Would your child dream of playing a brand-new or unfamiliar sonatina at her piano recital? Of course not! It’s the piece she’s practiced and refined that she feels more comfortable presenting.

Similarly, no author ever publishes his first draft. His book or article goes through repeated self-editing—and numerous revisions—before he feels ready to hand it over to the editor, who in turn adds his own suggestions for improvement. Writing is revising! Your children would not enjoy their favorite books nearly as much had a wise editor not repeatedly put the author through the steps of the editing process.

Every Writer Needs an Audience

Remind your resistant writers that they go through the writing process with a goal in mind: the final draft. After all, it’s not the rough draft that becomes the published writing project; it’s the polished and revised version that they’ll want to share with others.

When writing feels pointless, publishing the story, essay, or report for an audience adds a healthy dose of purpose and meaning to the writing. Check out these creative ways to help your kids write for an audience.

Especially when working with teens, once they’ve gone through the revising process, ask them to compare their first draft with the final version. When they can see the progress they’ve made from that rough beginning to their very best attempt—the final draft, the purpose for the steps in the writing process becomes clearer.

Ideally, with these ideas in motion, you should hear fewer complaints that writing feels pointless. As your children learn to approach the steps of the writing process with fresh eyes, I hope you soon see both improved attitudes and an increased motivation to write.

WriteShop homeschool writing curriculum teaches children of all ages the steps of the writing process.

WriteShop has you covered for homeschool writing with meaningful lessons, attention to the writing process, and schedules that don’t overwhelm you or your kids.

Explore WriteShop I for your teens or WriteShop Junior or Primary for elementary. You’ll love the step-by-step instructions, flexibility of topic choice, and engaging writing assignments that inspire successful wriers of all ages!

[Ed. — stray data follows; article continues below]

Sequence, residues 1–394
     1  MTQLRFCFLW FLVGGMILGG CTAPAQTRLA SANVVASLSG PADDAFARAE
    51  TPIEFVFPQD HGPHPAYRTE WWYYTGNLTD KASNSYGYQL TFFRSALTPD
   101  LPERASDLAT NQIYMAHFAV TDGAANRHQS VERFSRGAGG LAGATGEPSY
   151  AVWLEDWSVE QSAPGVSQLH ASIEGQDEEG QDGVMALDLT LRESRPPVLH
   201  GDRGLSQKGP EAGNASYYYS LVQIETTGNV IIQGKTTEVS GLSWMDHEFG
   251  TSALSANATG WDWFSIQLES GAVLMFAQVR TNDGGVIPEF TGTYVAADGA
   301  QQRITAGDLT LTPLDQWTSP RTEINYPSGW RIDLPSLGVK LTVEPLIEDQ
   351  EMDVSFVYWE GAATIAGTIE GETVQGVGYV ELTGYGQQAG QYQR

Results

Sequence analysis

1. Kim

    You’re so welcome, Tammy! I’m glad you’ve found encouragement and help through the 10 Stumbling Blocks series.

  2. Tammy

    Thanks for the hint of having the student read the first draft and then the final draft. I will try this with my daughters and hopefully they will better see why we go through all the steps. Thanks again. These “stumbling block” articles have been helpful.

  3. Kim

    Carol: What an encouraging testimony! I love the “carrot” you dangled before your son. So creative! You sound like a very wise mom.

  4. Carol J. Alexander

    For my reluctant highschooler, who insisted on relevance, I promised no more writing assignments if he had an article published in Fine Woodworking Magazine. (He is a fine woodworker.) He did not do this but he did have several letters to the editor published in the local newspaper when he read topics that he had strong opinions on.
    Was his education adequate? I always questioned. Then, this year, he took his first college class, earned a 98% on his research paper and an A in the class.

  5. Isabelle aka Canadianladybug

    In my son’s French book he had to write some recipes directions once. He loves to cook so it went smoothly.

    I love the picture with the steps to write for the Banana bread.

    • Kim

      Wish I could take credit for the banana bread photo collage, Isabelle. I use Flickr (Creative Commons) for the majority of my blog photos.

  6. Amy

    Perfect illustrations. The chef, and the piano recital, yes those are obvious. We have not hit this roadblock as yet, but I don’t doubt that it may come up later on down the road. Now, if I can just remember what to say when that day comes… 🙂

    Thank you.
    Amy in Peru

  7. Kim

    You’re certainly in good company, Diane. I think the editing struggle is universal, which is why I’m always on the lookout for ways to make the idea relevant to the kiddos.

  8. Diane Allen

    An important reminder and a great object lesson with the recipe. Editing is always a struggle here.